CompareLegalCosts.com, the ‘new generation’ comparison website that requires participating law firms and barristers to offer fixed fees, has announced a £500,000 investment in the full launch of the service next month.
The money for driving awareness and demand to the site, which was set up last September  by solicitor Michael Welsh, has come from private investors to whom he said he would be able to “go back for more later”. He declined to reveal the total investment, save that it was “a big number”.
“There are an awful lot of people out there interested in investing in the legal sector,” he said.
Mr Welsh said the nine months since launch have been the ‘proof of concept’ stage and he will unveil the new-look website on 16 July. Once a user has submitted an enquiry, they will receive up to five fixed quotes within 24 hours from solicitors and barristers in either their local area, city or nationally, depending on their requirements.
The law firm panel has grown from 30 to around 100 firms, who currently pay a flat rate of £500 a year for membership; there are no referral fees involved. There will be a cap on the number of firms that can join once the site has reached a critical mass, Mr Welsh said. All firms are vetted before being accepted.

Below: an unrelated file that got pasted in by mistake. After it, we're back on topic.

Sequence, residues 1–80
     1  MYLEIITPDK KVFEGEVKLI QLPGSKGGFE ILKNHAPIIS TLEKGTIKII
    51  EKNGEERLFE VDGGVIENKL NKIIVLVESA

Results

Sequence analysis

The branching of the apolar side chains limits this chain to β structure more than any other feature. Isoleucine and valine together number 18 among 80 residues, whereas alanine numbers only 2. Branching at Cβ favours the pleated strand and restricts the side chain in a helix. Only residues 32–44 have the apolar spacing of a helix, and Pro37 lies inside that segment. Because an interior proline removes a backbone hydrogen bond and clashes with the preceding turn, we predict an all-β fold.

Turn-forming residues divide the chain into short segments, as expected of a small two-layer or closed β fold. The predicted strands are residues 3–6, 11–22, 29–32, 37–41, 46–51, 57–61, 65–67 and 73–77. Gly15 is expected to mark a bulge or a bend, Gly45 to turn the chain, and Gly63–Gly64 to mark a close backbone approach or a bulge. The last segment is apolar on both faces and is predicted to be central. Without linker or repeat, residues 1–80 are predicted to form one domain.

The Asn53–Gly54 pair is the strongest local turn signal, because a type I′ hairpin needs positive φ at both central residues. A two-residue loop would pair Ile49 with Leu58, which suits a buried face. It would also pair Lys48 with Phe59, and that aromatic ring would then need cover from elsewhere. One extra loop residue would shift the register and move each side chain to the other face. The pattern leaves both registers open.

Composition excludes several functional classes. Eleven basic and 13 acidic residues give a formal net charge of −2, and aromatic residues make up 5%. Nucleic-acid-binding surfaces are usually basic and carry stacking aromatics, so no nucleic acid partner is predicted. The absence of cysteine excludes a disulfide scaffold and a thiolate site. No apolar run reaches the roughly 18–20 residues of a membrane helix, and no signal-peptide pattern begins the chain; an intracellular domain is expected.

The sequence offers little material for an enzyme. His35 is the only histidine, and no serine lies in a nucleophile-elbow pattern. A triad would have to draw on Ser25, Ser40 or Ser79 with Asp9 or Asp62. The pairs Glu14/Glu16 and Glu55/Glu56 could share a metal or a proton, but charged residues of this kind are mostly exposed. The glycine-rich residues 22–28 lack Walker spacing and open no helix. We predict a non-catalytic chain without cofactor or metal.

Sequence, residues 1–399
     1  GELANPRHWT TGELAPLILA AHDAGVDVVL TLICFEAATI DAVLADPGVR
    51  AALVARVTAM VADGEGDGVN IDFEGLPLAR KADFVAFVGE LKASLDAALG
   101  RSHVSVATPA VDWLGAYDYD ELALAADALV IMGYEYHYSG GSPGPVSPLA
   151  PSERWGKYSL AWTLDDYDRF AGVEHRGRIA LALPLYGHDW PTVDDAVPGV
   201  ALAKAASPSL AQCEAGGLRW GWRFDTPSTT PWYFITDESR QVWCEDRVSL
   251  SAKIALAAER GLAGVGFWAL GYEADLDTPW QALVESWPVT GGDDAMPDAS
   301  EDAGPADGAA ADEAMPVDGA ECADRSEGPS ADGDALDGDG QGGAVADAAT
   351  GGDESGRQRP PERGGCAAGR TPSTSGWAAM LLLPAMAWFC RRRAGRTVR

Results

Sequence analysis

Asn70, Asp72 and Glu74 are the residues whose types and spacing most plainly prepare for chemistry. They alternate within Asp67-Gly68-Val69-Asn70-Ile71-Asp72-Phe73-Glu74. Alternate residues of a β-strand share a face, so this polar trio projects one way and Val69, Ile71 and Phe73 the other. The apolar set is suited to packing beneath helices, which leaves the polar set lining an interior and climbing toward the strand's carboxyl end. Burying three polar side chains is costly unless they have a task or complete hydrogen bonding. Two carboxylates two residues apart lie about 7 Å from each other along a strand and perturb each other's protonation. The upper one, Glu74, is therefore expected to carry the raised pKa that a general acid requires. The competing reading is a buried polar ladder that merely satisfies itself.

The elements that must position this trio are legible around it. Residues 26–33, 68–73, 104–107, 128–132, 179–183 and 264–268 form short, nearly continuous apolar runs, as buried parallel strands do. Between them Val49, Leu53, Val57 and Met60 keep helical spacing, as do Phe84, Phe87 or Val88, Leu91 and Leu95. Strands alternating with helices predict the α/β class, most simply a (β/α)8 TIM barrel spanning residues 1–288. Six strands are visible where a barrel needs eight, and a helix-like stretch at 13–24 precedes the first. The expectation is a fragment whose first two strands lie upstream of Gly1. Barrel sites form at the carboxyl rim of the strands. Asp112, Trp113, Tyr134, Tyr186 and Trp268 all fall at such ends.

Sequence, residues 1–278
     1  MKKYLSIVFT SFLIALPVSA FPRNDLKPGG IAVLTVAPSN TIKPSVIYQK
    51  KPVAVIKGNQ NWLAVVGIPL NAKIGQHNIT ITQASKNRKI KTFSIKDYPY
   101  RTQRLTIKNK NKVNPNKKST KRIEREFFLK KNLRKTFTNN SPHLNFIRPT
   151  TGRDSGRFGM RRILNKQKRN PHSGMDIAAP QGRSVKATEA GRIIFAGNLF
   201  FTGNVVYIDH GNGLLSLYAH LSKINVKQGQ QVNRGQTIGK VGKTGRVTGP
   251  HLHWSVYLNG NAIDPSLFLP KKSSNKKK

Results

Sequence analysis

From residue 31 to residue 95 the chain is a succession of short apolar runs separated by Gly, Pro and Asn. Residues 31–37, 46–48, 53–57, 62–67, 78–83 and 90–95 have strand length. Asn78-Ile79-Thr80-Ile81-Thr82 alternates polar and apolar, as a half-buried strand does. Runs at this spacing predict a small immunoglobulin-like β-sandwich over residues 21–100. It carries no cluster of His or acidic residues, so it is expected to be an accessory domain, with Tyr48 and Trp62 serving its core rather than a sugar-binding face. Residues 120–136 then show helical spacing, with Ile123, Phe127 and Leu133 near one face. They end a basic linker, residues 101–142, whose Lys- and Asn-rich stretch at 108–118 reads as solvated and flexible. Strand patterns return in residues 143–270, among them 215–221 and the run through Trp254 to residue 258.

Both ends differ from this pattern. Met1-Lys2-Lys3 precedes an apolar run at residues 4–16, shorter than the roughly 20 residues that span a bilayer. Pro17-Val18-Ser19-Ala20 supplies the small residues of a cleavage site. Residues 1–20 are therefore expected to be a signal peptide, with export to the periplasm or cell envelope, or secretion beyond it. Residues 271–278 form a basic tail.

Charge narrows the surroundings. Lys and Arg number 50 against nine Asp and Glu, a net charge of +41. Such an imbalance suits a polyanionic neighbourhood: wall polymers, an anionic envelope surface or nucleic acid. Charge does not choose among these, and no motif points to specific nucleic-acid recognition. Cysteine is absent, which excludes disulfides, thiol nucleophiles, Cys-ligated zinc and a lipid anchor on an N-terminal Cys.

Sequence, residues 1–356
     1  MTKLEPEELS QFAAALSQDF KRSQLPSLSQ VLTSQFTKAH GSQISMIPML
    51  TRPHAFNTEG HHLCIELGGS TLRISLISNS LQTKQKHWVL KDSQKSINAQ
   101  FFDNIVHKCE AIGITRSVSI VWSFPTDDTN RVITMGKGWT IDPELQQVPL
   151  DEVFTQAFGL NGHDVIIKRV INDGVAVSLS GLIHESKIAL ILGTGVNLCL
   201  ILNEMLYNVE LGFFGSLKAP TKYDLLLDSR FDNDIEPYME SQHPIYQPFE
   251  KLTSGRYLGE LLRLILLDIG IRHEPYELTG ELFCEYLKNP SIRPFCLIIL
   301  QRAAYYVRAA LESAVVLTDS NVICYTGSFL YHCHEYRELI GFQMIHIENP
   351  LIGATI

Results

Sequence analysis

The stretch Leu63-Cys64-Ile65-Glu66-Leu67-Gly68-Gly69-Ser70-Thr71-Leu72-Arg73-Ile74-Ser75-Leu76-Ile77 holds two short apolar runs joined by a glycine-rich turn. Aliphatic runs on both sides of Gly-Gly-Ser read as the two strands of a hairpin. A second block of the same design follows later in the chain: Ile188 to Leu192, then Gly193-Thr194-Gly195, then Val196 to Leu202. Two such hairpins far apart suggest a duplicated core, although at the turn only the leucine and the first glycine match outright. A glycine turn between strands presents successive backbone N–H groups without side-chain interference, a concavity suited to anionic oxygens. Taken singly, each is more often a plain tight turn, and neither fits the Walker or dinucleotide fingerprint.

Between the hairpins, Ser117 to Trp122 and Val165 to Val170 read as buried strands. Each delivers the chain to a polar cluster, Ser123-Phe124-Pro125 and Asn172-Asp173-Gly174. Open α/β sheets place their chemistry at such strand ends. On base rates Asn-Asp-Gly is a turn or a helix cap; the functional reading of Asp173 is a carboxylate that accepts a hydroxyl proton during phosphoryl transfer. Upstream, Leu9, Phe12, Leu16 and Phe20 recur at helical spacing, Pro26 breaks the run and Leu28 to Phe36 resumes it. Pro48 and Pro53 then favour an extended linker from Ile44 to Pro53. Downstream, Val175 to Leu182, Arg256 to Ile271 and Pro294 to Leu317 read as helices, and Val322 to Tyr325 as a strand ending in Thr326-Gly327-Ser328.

The £500 fee is “unlikely to change dramatically” once the site launches – and Mr Welsh is in any case offering firms a free three-month trial – and he indicated that the return for his investors will come from other sources. “We have interesting plans around other services for law firms and users,” he said, declining to elaborate further.
Some solicitors will baulk at the idea of competing purely on price, but Mr Welsh said: “They may not like to think that they compete on price, but in certain areas of legal services, the reality is that they have to.” He added that in his practice as an employment lawyer, “I made more money through fixed costs than I did charging by the hour. It’s not about cheap – it’s about certainty”.
CompareLegalCosts.com fared poorly in the comparison site mystery shopping exercise conducted by the Legal Services Consumer Panel earlier this year, with most enquiries not receiving a response. Mr Welsh said that was “early days” for his site and he has been in close contact with the panel during its redevelopment.
He committed to the site meeting the 20 best-practice standards that the consumer panel laid out in its report.
He said he was also encouraged by the Legal Services Board recently urging  regulators and professional bodies to engage with comparison websites for the benefit of consumers.
Legal Futures revealed recently that the Law Society is now considering creating its own comparison website .